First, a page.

The Sharon Surprise

"Parties surprised: 9 months prison for Sharon". That front page lead headline in the Hebrew version of Haaretz says it all. The political establishment was taken by shock, and so was the media, evidently, when the court slammed Omri Sharon hard for breaking the party financing laws.

Surprise? Why? Sharon the son, to recap, raised in NIS 6 million through prohibited means, where the law allowed him to raise in 800,000 to finance Ariel Sharon's primaries campaign in 1999. Sharon did win the  internal Likud election and was named party chairman. Assuming the donations helped him win (if they had not, why wound the son commit serial fraud to hide them) then what we have here is stealing the election. Buying it. Surely election fraud in a democratic country should be punished soundly, for instance by nine months' prison, if not more.

 But elections were not the only thing stolen here. Sharon the younger, to recap, maintained silence during police questioning.

Because of his silence, we still do not know who provided the NIS 6 million. In the absence of knowledge, we can speculate as to their identity and as to whether they expected to be rewarded.

The possibility that the Sharons were bought for filthy lucre, and harnessed the government they had bought to serve the interests of the donors, cannot be overlooked. Thus the Sharon son must be suspected not only of stealing elections, but of stealing the fairness of government in Israel. Fairness is the stuff of life to democracy: without it, without people having confidence that an elected government is worthy of their trust, democracy cannot survive.

Sharon the younger was not overlooked in the allocation of the NIS 6 million. He did not "lie on the fence for his father", as put by MK Danny Naveh (now under investigation himself). He lay on the fence because he was also rewarded amply by the system. By virtue of his father's election as party chairman, Sharon the son became one of the most powerful people in Israel. He was the fixer in government and even won a seat in parliament, with all the perks that involves. The fact that he accepted the blame for acts which his father may have abetted does not detract from the gravity of his guilt or the harm he did to the State of Israel.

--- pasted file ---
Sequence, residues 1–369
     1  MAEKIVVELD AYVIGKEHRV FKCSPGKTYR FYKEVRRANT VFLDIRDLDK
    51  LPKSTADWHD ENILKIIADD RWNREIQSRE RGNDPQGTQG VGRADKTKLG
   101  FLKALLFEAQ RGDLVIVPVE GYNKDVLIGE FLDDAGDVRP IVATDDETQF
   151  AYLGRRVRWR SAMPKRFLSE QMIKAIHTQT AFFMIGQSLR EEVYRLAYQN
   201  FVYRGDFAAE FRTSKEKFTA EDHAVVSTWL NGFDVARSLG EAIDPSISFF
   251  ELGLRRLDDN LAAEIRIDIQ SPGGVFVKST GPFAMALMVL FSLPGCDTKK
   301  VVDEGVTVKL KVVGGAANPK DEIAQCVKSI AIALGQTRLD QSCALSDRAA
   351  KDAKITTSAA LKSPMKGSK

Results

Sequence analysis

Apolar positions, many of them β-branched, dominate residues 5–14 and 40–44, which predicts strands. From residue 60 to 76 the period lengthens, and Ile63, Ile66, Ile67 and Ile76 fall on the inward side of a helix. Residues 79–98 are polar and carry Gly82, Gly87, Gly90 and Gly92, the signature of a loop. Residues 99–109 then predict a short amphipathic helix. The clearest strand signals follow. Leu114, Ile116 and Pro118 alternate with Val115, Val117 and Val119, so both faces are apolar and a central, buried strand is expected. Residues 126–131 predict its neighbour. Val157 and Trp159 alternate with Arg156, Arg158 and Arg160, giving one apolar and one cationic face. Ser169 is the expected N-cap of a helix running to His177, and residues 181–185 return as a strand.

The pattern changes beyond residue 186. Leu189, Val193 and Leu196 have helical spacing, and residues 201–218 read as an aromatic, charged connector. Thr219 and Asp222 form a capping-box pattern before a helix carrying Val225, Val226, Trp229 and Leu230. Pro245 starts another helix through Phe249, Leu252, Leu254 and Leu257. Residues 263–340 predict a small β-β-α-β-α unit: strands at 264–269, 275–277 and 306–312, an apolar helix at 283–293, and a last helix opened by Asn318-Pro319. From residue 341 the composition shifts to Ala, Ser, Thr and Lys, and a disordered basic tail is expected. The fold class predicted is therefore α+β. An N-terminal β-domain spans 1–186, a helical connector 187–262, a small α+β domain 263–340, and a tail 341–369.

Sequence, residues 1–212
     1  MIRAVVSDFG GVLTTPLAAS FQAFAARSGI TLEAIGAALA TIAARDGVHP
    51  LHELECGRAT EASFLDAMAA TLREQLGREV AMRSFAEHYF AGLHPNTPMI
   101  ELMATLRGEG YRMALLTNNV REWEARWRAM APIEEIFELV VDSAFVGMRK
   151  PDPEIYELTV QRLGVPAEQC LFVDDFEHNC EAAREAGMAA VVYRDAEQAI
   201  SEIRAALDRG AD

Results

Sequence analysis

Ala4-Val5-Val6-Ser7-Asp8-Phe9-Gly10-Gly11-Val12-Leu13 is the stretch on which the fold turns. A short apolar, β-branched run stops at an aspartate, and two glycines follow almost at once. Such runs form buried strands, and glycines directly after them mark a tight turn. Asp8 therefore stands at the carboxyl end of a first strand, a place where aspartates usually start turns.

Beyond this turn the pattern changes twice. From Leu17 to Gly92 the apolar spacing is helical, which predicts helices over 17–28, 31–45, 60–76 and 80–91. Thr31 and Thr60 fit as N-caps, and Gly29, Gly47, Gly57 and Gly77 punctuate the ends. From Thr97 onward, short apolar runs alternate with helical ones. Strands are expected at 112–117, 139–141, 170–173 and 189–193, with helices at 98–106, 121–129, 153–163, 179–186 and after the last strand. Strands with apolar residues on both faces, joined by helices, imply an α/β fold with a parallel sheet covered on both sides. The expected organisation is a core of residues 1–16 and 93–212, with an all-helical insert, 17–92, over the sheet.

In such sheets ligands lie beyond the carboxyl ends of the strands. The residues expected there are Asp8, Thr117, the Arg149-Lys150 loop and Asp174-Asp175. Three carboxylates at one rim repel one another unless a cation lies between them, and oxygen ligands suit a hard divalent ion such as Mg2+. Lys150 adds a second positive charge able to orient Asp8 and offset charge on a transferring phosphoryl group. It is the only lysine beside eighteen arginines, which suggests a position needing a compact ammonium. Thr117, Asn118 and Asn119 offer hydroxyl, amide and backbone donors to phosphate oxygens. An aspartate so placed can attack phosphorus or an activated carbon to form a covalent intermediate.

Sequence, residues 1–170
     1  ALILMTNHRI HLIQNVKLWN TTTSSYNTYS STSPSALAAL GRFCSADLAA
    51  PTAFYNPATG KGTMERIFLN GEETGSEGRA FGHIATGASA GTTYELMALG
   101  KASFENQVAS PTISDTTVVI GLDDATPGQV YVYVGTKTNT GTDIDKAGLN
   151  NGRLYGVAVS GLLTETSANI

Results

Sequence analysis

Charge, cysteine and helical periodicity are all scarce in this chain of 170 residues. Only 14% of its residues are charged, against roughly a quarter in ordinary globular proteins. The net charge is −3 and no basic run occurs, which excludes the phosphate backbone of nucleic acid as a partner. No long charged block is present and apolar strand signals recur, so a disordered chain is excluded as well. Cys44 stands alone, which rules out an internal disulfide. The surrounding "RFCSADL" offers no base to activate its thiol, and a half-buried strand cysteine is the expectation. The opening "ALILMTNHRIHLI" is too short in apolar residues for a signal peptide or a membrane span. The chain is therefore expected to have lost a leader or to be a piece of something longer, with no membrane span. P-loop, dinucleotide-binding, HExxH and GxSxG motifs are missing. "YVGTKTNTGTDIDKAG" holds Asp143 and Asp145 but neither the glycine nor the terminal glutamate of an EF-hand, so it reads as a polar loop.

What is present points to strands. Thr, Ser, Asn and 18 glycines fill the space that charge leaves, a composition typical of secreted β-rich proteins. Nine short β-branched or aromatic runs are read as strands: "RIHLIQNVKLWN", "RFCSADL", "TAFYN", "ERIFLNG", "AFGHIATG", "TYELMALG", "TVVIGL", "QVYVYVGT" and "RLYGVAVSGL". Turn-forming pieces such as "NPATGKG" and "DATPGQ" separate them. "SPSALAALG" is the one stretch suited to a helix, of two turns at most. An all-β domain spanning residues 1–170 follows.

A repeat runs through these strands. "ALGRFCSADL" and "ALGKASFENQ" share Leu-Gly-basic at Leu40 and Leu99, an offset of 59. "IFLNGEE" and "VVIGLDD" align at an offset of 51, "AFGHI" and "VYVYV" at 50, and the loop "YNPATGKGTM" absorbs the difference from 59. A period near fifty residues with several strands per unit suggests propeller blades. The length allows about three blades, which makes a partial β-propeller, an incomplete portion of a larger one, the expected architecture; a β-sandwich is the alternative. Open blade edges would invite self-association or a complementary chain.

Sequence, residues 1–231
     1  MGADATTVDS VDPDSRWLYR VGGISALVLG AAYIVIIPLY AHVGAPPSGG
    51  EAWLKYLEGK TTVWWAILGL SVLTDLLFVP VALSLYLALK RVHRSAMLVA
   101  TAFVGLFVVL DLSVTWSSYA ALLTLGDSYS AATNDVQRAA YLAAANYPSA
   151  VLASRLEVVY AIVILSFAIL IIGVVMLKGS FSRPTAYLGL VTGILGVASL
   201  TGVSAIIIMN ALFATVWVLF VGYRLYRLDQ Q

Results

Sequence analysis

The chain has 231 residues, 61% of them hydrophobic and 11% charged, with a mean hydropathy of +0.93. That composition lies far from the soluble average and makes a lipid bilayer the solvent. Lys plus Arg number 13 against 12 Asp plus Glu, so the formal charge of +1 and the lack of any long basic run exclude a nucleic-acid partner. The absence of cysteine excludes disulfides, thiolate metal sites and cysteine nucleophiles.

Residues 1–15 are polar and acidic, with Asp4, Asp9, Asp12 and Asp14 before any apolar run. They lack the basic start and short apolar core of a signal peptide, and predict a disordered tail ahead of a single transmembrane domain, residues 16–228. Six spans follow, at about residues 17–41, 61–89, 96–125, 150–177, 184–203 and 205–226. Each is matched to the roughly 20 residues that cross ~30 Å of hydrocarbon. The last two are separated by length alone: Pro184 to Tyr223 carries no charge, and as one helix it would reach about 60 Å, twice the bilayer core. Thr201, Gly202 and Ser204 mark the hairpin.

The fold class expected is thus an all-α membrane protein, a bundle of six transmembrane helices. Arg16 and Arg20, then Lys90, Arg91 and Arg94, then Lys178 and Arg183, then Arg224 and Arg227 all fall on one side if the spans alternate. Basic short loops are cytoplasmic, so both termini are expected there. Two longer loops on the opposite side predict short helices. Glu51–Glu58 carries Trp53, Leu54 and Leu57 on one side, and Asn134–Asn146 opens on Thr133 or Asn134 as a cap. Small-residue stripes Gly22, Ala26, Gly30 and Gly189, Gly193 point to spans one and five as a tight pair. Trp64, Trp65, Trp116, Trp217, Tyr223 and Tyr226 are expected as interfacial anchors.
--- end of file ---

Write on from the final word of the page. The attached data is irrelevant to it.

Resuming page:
Surprise? Yes, there is a surprise.

Surprise at the degree of surprise demonstrated by the political echelon. It demonstrates how unable it is to understand the gravity of its own corruption.

The real surprise should have been at the lenience of Sharon's sentence, not its gravity. The real surprise should have been that the state did not really exact the debt it was owed from Omri Sharon.

Sharon the son used the NIS 6 million to steal the public's most important assets: fairness in elections and in government. Sharon the son owes the public NIS 6 million. At least that much, since it can be assumed that the fruits of government brought the Sharon family much more than NIS 6 million.

No, this is not metaphor. The money-laundering laws state that the financial fruits of crime should be returned to the victim - in this case, the public, the state. There is no reason for Sharon not to return the NIS 6 million used to hurt government in Israel, to the public  He has the wherewithal to do it: there is the family ranch, Sycamore, which is worth that much at least.

If that had happened, it really would have been a surprise. It would be a surprise that crimes against democracy are taken seriously and should be handled accordingly. A criminal committing such acts should be handled like any other criminal: return the fruits of the crime, in full, to society. Government is not a toy for the politicians: if they don't get the message through words, maybe they'll get it through their pockets. That would really be a surprise, that might finally do something about the corruption in government.